By Caroline Valetkevitch
NEW YORK (Reuters) – The growing ranks of stock market Eeyores now have another reason to stay glum: Next year’s profit picture is darkening fast.
Corporate earnings forecasts are eroding as the tailwind from the tax cut fades and as investors worry the U.S.-China trade dispute could upend global commerce more than it already has.
Even after the second correction of the year for the benchmark S&P 500 <.SPX> stock index, many investors wonder whether share prices adequately reflect risks of slower profit growth.
Emblematic of the recent turbulence, last week the S&P 500 slid 4.6 percent. The previous week it notched its biggest weekly gain in nearly seven years.
Wall Street analysts have slammed the brakes on estimates for profit growth for S&P 500 companies, which had accelerated for much of the year. Two months ago, 2019 profit growth was pegged at 10.2 percent; it is now seen at 8.2 percent, and growing ranks of doubters reckon growth could slow to half that rate or less.
“It may be more in the line of 3 to 4 percent,” said Paul Nolte, portfolio manager at Kingsview Asset Management in Chicago, adding the market has yet to price that in.
“The risk to that estimate is the downside. Right now, the equity market is focused more on trade than they are earnings.”
Morgan Stanley’s outlook warned of more than a 50 percent chance of a “modest earnings recession,” or two quarters of year-over-year profit declines. That last occurred when earnings declined for four straight quarters starting in the third quarter of 2015.
In recent weeks, top strategists at RBC Capital Markets, BNP Paribas and Bank of America Merrill Lynch have forecast 2019 earnings per share growth below the rate compiled by Refinitiv, an aggregate of estimates from analysts covering individual companies.
Among the deepest profit downgrades have been for the technology and communications sectors that had carried the market higher through the latest stages of the bull market.
Tech delivered third-quarter earnings per share growth of 29.2 percent from a year earlier, but the latest forecasts for next year’s third quarter see that plunging to 2.2 percent and averaging just over 4.9 percent for all of 2019. [L1N1YB25L]
The recently formed communication services sector, which includes such heavyweights as Facebook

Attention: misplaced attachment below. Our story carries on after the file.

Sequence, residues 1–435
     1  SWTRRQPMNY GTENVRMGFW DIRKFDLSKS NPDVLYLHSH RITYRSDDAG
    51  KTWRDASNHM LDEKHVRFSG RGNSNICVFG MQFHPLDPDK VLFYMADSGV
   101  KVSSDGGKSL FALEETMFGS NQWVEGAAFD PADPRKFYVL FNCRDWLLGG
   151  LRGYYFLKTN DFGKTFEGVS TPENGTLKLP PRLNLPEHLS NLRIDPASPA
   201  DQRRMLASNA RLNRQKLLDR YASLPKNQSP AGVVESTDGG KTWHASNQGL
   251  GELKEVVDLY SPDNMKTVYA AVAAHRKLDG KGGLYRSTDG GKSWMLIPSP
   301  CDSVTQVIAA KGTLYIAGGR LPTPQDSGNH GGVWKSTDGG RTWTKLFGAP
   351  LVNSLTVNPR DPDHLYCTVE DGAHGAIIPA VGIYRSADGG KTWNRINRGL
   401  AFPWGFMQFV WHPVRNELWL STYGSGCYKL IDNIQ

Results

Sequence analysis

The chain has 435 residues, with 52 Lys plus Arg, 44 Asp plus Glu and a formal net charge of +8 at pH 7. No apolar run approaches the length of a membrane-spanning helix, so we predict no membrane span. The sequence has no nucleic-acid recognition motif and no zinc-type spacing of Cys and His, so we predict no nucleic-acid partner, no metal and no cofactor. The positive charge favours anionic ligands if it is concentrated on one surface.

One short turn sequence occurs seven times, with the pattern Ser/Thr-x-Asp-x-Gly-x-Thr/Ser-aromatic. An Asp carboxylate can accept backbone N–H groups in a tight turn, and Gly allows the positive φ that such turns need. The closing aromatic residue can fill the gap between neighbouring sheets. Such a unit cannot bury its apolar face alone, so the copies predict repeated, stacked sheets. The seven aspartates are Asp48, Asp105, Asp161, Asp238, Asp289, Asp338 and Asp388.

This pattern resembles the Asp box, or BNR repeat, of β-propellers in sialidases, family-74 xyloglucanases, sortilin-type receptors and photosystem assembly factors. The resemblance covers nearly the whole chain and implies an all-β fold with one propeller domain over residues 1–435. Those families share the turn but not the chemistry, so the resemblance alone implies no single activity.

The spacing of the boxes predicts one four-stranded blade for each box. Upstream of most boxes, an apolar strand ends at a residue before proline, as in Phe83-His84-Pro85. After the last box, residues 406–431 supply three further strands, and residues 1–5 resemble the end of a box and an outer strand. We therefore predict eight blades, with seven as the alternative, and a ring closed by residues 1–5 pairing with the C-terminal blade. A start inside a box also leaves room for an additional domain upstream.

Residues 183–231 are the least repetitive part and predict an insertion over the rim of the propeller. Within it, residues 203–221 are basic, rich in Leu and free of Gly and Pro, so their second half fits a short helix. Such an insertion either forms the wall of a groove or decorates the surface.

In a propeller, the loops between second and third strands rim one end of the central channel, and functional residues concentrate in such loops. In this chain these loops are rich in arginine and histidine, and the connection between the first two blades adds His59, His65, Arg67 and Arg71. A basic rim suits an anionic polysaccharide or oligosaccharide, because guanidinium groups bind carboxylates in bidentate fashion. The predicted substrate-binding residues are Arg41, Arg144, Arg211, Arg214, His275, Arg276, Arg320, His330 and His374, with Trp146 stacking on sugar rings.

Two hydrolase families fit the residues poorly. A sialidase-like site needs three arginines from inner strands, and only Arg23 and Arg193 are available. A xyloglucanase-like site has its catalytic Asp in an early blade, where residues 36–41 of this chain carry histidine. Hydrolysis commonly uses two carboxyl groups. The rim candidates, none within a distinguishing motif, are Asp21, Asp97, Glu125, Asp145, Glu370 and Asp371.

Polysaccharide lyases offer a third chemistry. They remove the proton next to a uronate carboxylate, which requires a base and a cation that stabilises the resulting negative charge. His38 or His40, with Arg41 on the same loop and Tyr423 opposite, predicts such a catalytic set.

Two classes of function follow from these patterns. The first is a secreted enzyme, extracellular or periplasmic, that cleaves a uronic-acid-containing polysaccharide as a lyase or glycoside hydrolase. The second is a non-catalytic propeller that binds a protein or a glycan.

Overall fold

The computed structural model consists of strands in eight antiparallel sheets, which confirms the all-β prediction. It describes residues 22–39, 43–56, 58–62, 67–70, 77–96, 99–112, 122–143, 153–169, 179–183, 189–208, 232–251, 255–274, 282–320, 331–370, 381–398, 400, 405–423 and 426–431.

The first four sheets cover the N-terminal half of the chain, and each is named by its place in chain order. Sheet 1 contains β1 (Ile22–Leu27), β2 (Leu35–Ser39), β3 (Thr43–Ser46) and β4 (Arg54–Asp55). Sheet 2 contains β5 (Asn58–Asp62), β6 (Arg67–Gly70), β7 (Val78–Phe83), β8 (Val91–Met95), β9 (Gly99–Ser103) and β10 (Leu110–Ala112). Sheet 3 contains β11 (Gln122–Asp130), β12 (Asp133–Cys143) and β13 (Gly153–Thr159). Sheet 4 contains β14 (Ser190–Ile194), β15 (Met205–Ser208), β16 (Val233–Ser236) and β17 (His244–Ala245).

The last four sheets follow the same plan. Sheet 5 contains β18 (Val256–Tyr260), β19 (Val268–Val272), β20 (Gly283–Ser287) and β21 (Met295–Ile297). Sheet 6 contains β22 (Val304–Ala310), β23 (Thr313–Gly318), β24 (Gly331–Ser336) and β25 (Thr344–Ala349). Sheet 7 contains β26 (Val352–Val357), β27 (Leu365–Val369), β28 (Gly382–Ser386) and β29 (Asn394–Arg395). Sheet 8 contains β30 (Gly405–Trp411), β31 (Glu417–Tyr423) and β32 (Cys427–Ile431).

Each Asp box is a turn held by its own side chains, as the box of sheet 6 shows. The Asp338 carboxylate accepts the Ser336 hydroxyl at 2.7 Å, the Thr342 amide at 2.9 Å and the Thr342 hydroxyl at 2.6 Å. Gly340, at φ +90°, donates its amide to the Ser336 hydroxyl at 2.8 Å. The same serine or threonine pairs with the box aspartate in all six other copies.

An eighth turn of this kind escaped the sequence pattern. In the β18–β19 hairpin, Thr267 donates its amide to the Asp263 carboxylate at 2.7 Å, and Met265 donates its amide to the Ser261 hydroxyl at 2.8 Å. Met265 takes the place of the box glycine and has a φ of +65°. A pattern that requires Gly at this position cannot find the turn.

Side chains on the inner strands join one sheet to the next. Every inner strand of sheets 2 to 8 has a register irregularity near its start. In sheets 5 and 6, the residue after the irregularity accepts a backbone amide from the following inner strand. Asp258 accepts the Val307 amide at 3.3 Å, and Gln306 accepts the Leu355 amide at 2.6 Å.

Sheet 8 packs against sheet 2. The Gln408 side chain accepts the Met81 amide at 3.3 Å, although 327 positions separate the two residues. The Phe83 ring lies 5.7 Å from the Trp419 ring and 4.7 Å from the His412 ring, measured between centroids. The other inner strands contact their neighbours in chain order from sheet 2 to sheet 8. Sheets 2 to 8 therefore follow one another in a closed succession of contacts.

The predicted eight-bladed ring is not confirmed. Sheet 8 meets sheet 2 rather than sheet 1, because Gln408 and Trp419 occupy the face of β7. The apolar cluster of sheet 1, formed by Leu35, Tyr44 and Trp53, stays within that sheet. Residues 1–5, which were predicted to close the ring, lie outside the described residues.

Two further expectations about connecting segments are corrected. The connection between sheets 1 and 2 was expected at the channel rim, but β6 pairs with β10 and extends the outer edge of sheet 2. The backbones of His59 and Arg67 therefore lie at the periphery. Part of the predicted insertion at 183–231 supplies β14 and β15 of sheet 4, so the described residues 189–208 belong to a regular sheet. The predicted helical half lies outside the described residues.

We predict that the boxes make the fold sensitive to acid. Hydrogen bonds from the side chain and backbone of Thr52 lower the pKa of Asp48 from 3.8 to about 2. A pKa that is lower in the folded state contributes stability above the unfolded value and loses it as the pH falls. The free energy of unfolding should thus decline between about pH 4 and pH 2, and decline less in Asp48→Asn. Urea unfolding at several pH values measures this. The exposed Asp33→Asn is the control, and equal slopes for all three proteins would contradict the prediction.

“Tech earnings will be there. They’re just not going to lead,” said Alicia Levine, chief market strategist at BNY Mellon Investment Management.
(For a graphic on ‘2019 S&P 500 profit growth’ click https://tmsnrt.rs/2QohTvG)
SHIFT IN OUTLOOK
Strong earnings and economic growth had helped stocks rebound from steep drops in February and kept most investors optimistic about market valuations. At the time, earnings forecasts were rising fast as companies were ramping up buybacks and spending plans following hefty tax cuts approved by Congress in late 2017.
Near the end of 2018, the bond market has been flashing warning signs about a possible economic slowdown, while investors fret about nagging trade tensions.
Strategists now fear the economy could slow while interest rates are still rising. Federal Reserve policymakers are widely expected to raise interest rates in December for a fourth time this year, but the focus is on how many rate hikes will follow in 2019.
Another concern for stocks: companies have been warning for a couple of months about rising wages eating into profit margins.
Some strategists did cite reduced profit growth forecasts as one of the reasons stocks sold off recently. The S&P 500 is trading at 15.8 times forward earnings compared with 17.3 at the start of October, according to Refinitiv data.
Others said earnings growth, even at a much-reduced rate, will be healthy enough to support the market.
“Where we’re getting to is a healthy, sustainable level from something that was running really very hot,” said Jonathan Golub, chief U.S. chief investment strategist at Credit Suisse Securities. He said analysts also tend to overestimate long-range profit growth, so investors should not be surprised by reduced forecasts.
Semiconductor-related companies including Micron Technology
Global demand for chips has been slowing, and investors are concerned the U.S. President Donald Trump could enact tariffs on imports of electronics products manufactured in China that are made with chips from U.S. companies.
Technology and communication services stocks have been among the hardest hit this quarter, with the S&P 500 technology index <.SPLRCT> down more than 14 percent since the end of September.
(Reporting by Caroline Valetkevitch; Editing by Dan Burns and David Gregorio)